Downloads for "Deep Annotation of Protein Function across Diverse Bacteria from Mutant Phenotypes"

by Morgan N. Price, Kelly M. Wetmore, R. Jordan Waters, Mark Callaghan, Jayashree Ray, Hualan Liu, Jennifer V. Kuehl, Ryan A. Melnyk, Jacob S. Lamson, Yumi Suh, Hans K. Carlson, Zuelma Esquivel, Harini Sadeeshkumar, Romy Chakraborty, Grant M. Zane, Benjamin E. Rubin, Judy D. Wall, Axel Visel, James Bristow, Matthew J. Blow, Adam P. Arkin, and Adam M. Deutschbauer

Abstract

The function of nearly half of all protein-coding genes identified in bacterial genomes remains unknown. To systematically explore the functions of these proteins, we generated saturated transposon mutant libraries from 32 diverse bacteria and we assayed mutant phenotypes across hundreds of distinct conditions. From 4,870 genome-wide mutant fitness assays, we obtained 18.7 million gene phenotype measurements and we identified a mutant phenotype for 11,779 proteins with previously unknown functions. The majority of these hypothetical proteins (62%) had phenotypes that were either specific to a few conditions or were similar to that of another gene in the same bacterium, thus enabling us to make informed predictions of protein function. For 2,316 of these hypothetical proteins, the functional associations are conserved across related proteins from different bacteria, which confirms that these associations are genuine. Based on the functional associations, we identified 13 novel families of DNA repair proteins, we proposed functions for 19 other uncharacterized protein families, and we identified 444 transporters or catabolic enzymes that had been annotated incorrectly. Across all sequenced bacteria, 12% of proteins that lack detailed annotations have an ortholog with a functional association in our data set. Our study demonstrates the utility and scalability of high-throughput genetics for annotating the functions of bacterial proteins.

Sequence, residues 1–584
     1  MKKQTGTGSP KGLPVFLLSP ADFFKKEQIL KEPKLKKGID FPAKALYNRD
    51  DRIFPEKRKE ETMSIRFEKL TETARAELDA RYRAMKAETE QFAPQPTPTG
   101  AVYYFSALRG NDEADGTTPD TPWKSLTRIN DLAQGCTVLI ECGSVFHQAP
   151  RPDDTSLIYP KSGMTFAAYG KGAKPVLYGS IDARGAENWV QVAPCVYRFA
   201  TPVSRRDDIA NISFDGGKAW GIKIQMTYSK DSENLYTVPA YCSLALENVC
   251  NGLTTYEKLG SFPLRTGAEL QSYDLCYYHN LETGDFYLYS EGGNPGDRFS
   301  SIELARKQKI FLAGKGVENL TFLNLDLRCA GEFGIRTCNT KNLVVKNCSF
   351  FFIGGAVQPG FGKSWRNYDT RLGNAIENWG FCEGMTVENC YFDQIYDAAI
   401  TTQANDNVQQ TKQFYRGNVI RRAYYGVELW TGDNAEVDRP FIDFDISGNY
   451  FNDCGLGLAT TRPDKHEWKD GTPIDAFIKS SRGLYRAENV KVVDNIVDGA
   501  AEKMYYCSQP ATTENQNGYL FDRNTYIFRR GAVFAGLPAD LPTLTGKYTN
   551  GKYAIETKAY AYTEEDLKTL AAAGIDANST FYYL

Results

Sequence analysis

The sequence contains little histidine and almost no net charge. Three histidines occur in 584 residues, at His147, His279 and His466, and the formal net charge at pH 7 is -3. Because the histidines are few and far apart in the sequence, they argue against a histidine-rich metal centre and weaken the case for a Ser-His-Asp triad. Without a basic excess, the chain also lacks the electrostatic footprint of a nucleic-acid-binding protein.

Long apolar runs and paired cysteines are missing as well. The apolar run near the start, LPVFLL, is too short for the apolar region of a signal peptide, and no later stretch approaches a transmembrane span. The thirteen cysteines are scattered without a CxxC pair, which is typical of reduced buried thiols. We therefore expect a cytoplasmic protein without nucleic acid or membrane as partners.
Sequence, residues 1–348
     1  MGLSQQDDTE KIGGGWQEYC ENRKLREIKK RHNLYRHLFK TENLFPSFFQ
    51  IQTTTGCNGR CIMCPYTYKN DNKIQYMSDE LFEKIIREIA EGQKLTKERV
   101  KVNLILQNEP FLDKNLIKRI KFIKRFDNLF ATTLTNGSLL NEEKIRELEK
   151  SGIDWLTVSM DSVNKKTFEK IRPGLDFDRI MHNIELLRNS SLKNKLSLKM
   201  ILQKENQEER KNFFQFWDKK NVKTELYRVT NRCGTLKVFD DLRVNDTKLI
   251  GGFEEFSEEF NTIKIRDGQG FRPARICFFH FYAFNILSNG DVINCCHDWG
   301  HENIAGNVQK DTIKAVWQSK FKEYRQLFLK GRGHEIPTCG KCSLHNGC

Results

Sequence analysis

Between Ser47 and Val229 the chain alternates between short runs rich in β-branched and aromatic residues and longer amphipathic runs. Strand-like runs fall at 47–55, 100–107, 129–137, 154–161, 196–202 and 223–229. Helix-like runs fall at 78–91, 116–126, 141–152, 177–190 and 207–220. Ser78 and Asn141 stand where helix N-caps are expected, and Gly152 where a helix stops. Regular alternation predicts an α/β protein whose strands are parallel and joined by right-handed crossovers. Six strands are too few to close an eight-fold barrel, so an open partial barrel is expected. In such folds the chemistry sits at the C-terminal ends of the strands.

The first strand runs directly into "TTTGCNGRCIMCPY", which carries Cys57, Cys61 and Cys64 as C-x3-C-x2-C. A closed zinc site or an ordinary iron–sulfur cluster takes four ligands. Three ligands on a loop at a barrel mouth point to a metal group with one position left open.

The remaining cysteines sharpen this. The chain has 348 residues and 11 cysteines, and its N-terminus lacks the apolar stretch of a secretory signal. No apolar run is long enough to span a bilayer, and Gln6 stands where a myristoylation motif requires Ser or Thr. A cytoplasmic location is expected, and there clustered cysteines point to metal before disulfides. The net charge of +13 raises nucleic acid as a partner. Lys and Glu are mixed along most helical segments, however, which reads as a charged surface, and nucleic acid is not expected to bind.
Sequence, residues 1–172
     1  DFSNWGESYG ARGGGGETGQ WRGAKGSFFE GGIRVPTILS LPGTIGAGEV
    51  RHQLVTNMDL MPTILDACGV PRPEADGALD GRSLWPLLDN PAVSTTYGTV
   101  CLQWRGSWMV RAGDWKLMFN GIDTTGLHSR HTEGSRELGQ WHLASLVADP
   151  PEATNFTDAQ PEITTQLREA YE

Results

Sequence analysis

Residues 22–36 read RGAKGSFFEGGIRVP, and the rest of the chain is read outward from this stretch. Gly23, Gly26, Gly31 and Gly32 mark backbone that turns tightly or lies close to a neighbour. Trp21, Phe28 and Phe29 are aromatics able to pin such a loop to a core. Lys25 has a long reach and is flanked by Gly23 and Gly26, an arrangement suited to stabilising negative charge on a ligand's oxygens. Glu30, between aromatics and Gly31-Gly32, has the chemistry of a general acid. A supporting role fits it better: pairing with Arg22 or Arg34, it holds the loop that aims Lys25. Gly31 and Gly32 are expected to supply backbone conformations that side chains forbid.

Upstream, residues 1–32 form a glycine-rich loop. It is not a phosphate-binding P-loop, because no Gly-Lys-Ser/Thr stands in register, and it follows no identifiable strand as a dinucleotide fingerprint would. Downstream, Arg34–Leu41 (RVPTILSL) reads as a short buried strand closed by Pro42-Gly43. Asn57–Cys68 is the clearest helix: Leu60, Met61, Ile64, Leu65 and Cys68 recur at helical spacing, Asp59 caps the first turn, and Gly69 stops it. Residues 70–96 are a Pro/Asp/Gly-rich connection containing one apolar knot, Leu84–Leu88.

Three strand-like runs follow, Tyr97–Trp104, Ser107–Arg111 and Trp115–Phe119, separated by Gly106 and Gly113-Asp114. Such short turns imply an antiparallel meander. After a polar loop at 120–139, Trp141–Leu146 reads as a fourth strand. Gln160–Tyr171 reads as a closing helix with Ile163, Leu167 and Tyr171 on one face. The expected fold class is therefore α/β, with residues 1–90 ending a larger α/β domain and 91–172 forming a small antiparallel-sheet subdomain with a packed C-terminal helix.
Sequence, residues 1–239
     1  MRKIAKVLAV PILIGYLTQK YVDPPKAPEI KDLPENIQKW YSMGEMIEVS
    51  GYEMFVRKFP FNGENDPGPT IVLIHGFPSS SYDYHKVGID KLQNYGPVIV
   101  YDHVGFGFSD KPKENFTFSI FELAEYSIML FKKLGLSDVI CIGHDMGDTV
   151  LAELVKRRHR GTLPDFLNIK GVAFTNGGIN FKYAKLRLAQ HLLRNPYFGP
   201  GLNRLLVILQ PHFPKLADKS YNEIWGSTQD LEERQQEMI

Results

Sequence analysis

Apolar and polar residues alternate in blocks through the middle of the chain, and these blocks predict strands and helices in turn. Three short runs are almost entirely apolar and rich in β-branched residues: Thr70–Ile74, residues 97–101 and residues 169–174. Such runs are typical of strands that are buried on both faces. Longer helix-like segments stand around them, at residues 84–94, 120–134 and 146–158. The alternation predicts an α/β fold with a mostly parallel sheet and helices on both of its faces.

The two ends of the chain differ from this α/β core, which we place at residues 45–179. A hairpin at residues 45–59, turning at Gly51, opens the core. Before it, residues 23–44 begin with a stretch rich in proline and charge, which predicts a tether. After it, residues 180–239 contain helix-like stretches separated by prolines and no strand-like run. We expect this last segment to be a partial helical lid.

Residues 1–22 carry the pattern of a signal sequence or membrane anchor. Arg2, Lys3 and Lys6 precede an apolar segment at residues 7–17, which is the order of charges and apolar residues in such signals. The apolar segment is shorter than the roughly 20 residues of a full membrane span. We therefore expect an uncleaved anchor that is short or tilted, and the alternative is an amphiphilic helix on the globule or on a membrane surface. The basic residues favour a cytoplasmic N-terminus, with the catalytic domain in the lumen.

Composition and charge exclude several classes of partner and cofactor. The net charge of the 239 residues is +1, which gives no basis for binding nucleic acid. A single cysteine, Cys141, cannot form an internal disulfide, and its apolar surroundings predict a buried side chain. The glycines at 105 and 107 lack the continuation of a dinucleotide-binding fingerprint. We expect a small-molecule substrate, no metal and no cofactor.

See bioRxiv preprint (with just 25 bacteria)

Data Downloads

The easiest way to view the data is with the Fitness Browser. You can also download the data for each organism here: or as a tarball for all genomes here (large! 84 GB)

You can get information about the organisms and their genomes here:

Alternatively, you can download all of the data in the Fitness Browser from doi: 10.6084/m9.figshare.5134840

Also note that for some organisms, the Fitness Browser contains additional experiments beyond those described here. For these organisms, the cofitness values will not match.

Other Downloads

Page by Morgan N. Price, Arkin group, June 2017